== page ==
Note: feel free to send me comments at and of my Fnader.com addresses (or just use " email@example.com ") or directly to Marianne at marianne @mmelliott.com
It all began as a "last hurrah" mother-daughter vacation for my wife (Marianne) and our newly licensed 17-yr-old Katherine ("Katie" to her buddies) in the summer between Katherine's junior and senior years in high school... no set agenda but driving to the west coast and back was the general idea...
Now it gets complicated:
Marianne decides that since we all drive vintage cars, she wanted to do the trip in a vintage car. Being that neither of them are very mechanically inclined, this poses a real challenge... both to prepare a vintage vehicle that will make the trip reliably AND train Marianne and Katherine how to handle the routine things that will invariably arise.
Now it gets MUCH more complicated:
Then they decide that they would like to be able to camp when they wanted to (instead of having to find a motel every night), but did NOT want to tow anything nor have to set up a tent, etc, every evening... this means the ability to stay in the vehicle... dramatically limiting the vehicle choices.
So what CAN we consider?
So as we are mulling over the "right" vehicle choice for the event, we attend the 2005 Import Carlisle show in the Tatra. Two interesting vehicles are on the show field... a Corvair van and a VW camper. This gets her mind going... but solid Corvair vans are difficult to find... and the few rare camper packages mean that we would be building our own camping capabilities into whatever we found. At this point a reasonable option....
The VW bus idea I vetoed... Split-windows had terrible brakes and very limited performance (not to mention the tendency to drop valves) and while the early Bay-windows have disc brakes from model year 1971 on, the performance (and unreliability) still made them a poor subject. Later Bays (with the Type IV engine) have their own set of complexities with the D-jetronic injection.... but at least were something I'd consider. The more practical Vanagon and Eurovan models were vetoed by Marianne as "not vintage enough"...
John Moody (more about him later) wonders why we did not consider an Ultravan (a rare Corvair-powered Class A motorhome) http://www2.onu.edu/~kwildman/ultraVan.html
We did discuss an Ultravan. Marianne vetoed that as "too big" (along with several other "vintage" motorhomes... my first thought was a BMW turbodiesel Vixen http://stannerair.hypermart.net/1986vixen.htm , which while not truly vintage is already considered a classic... ) and I was concerned with the limited performance (about the same as a stock 1600cc VW camper). Had a decent reasonably priced one come up while we were looking (and I was actively looking for one) we might have more seriously considered it anyway...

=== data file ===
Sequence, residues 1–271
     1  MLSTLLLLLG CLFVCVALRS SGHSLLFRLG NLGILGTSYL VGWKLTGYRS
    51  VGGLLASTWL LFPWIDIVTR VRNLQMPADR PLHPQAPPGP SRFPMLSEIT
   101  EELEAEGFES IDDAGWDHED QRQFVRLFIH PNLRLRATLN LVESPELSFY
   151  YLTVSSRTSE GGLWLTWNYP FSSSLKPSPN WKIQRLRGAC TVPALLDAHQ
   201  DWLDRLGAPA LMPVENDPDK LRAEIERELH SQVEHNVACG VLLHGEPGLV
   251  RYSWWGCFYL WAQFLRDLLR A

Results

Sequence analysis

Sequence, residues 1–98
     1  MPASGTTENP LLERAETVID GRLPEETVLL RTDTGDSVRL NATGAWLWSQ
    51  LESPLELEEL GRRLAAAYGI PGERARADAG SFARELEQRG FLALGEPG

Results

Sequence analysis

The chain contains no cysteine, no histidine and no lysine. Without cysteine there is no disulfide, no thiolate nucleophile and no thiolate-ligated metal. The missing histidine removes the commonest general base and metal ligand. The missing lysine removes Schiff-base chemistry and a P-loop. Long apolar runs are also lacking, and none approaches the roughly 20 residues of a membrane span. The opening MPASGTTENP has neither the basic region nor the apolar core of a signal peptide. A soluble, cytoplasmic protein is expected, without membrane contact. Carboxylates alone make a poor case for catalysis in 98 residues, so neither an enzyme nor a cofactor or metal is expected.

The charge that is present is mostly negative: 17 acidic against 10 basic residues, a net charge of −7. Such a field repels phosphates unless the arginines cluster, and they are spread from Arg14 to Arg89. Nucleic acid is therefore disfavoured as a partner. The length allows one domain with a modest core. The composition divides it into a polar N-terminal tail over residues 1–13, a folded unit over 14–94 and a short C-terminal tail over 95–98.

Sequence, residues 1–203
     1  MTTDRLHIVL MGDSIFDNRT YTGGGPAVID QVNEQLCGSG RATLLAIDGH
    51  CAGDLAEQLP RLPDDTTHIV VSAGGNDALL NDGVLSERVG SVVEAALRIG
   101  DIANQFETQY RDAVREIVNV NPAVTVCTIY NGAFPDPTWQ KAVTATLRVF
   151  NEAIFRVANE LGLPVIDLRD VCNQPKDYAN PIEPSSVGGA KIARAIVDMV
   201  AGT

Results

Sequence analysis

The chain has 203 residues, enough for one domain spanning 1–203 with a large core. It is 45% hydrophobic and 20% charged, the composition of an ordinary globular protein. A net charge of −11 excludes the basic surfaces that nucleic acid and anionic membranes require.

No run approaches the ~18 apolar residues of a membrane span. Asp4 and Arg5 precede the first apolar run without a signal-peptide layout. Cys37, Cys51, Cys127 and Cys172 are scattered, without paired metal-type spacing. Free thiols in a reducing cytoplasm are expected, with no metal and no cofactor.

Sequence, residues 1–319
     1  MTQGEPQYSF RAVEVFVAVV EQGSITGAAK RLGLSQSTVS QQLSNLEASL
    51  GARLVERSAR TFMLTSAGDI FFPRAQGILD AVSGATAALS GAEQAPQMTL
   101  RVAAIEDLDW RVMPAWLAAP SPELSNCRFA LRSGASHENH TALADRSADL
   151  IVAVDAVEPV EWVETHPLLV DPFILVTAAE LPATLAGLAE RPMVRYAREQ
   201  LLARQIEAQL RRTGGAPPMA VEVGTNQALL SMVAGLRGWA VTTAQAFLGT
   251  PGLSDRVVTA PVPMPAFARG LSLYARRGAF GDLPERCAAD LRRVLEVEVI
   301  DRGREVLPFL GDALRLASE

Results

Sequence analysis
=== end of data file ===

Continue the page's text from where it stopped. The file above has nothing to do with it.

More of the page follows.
Marianne finds The Whale:
Later that morning, we're walking through the "Car Corral" of vehicles for sale, and Marianne immediately spies and early Bay with the full Westfalia camper package... in very nice shape (but ugly yellow bumpers...).
I recognize this as likely having drum brakes but definitely having the unreliable 1600 Type I engine... so I tell her "forget it" and walk on by...
She calls me back and says "there is a sign in the front "Not your Father's VW... Corvair powered!". Now this is an option I had not previously even thought of, but one that immediately had some attraction.
As soon as I opened the engine lid, I recognized the vehicle... this was The Whale, a 1971 (though actually built in 1970) disc-braked VW that fellow Group Corvair member John Moody had purchased new in Germany in 1971 (extensively touring Europe... still has the garbage bag from the 1972 Munich Olympics!) and converted to Corvair power after returning to the states. I had no idea that he had sold the vehicle that I had actually worked on back in the early 1990's. (the new owner had done the yellow bumpers along with a very decent respray... otherwise the VW was all original... upholstery, mats, all original camping equipment, etc). One of John's relatives had nicknamed the VW "The Whale" on first sight and it stuck...
Now this conversion (called a TransVair) uses both the Corvair engine and gearbox (in this case an automatic 2 speed Powerglide). The increased torque of the 2.7L Corvair engine (a low performance one to enhance reliability and low end grunt) allows a top end nearing 100 (not with me behind the wheel) but more important effortless 65-70mph cruising (as compared to the 65mph original top speed) while getting better mileage (18-20mpg) than the VW engine at 50-55.
The deal was closed pretty quickly and we picked up the Whale. After respraying the bumpers back white, we did several camping trips to "shake down" how to camp in a VW and to determine what modifications we wanted to make...
Forward to 2006:
The modifications made were fairly straightforward... adding a second battery, a 1200 watt voltage inverter, 63A internally-regulated alternator for the increased load, microwave/toaster oven combo, modern lighting and relays, stereo system (am/fm/cd/mp3/xm/and aux plug for Ipod), modern camping toilet (even flushes!), adding fuel solenoid (tank is above the carb inlets in this conversion), renewing the fresh water system (which John had not used in the US), etc.
Mechanically the old Powerglide had been delaying taking up reverse, but then the decision on whether to mess with it or not was made for me when the torque converter seal dramatically failed. So a fresh PG trans, new "street rod" trans cooler, and a new torque converter were added and I cleaned up and added a little chrome to the drivetrain. Modern instrumentation (VM, dual CHT gauges, oil pressure gauge) were added... as well as a loud fan belt alarm...